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Purification and properties of a novel β-galactosidase or exo-(1 → 4)-β-D-galactanase from the cotyledons of germinated Lupinus angustifolius L. seeds

Marcos S. Buckeridge and J.S. Grant Reid
Planta
Vol. 192, No. 4 (1994), pp. 502-511
Published by: Springer
Stable URL: http://www.jstor.org/stable/23382899
Page Count: 10
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Purification and properties of a novel β-galactosidase or exo-(1 → 4)-β-D-galactanase from the cotyledons of germinated Lupinus angustifolius L. seeds
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Abstract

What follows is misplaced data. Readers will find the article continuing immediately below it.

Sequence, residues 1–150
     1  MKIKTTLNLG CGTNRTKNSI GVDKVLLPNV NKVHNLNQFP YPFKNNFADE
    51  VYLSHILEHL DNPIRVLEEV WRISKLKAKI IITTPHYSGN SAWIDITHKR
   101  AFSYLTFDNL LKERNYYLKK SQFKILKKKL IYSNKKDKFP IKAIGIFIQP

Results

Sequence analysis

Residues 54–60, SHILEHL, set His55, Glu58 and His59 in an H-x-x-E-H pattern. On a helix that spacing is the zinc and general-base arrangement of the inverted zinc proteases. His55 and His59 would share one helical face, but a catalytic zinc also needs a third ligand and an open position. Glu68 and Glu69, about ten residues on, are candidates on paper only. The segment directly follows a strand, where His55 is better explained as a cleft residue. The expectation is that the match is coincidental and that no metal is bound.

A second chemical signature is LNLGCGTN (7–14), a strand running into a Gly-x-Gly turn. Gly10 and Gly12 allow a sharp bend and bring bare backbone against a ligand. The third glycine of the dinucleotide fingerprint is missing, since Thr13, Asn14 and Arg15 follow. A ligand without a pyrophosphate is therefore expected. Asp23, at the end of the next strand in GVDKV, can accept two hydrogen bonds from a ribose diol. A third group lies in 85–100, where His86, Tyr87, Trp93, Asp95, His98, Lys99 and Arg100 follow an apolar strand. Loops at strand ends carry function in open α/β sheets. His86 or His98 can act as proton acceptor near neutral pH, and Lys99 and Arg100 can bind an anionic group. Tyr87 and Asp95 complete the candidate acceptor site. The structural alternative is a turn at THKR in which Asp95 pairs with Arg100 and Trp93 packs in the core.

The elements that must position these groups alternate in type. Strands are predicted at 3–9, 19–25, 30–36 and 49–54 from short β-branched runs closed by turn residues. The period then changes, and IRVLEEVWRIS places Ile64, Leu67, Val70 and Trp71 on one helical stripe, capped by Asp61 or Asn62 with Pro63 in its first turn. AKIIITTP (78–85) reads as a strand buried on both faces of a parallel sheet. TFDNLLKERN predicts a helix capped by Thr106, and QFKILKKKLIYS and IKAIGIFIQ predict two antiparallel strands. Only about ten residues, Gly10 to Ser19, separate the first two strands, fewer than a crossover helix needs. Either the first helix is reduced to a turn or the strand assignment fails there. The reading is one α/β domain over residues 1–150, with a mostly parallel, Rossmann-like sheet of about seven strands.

The main polysaccharide component of the thickened cell walls in the storage parenchyma of Lupinus angustifolius L. cotyledons is a linear (1 → 4)-β-linked D-galactan, which is mobilised after germination (L.A. Crawshaw and J.S.G Reid, 1984, Planta 160, 449—454). The isolation from the germinated cotyledons of a β-D-galactosidase or exo-(1 → 4)-β-D-galactanase with a high specificity for the lupin galactan is described. The enzyme, purified using diethylaminoethyl-cellulose, carboxymethyl-cellulose and affinity chromatography on lactose-agarose, gave two bands (major 60 kDa, minor 45 kDa) on sodium dodecyl sulphate-gel electrophoresis, and two similar bands on isoelectric focusing (major, pI 7.0, minor pI 6.7, both apparently possessing enzyme activity). The minor component cross-reacted with an antiserum raised against, and affinity-purified on, the major band. Both components had a common N-terminal sequence. The minor component was probably a degradation product of the major one. The enzyme had limited β-galactosidase action, catalysing the hydrolysis of p-nitrophenyl-β-D-galactopyranoside and (1 → 4)- and (1 → 6)-β-linked galactobioses. Lactose [β-D-galactopyranosyl-(1 → 4)-D-glucose] was hydrolysed only very slowly and methyl-β-D-galactopyranoside not at all. Lupin galactan was hydrolysed rapidly and extensively to galactose, whereas other cell-wall polysaccharides (xyloglucan and arabinogalactan) with terminal non-reducing β-D-galactopyranosyl residues were not substrates. A linear (1 → 4)-β-linked galactopentaose was hydrolysed efficiently to the tetraose plus galactose, but further sequential removals of galactose to give the tetraose and lower homologues occurred more slowly. Galactose, γ-galactonolactone and Cu+2 were inhibitory. No endo-β-D-galactanase activity was detected in lupin cotyledonary extracts, whereas exo-galactanase activity varied pari passu with galactan mobilisation. Exo-galactanase protein was detected, by Western immunoblotting of cotyledon extracts, just before the activity could be assayed and then increased and decreased in step with the enzyme activity. The exo-galactanase is clearly a key enzyme in galactan mobilisation and may be the sole activity involved in depolymerising the dominant (1 → 4)-β-galactan component of the cell wall.

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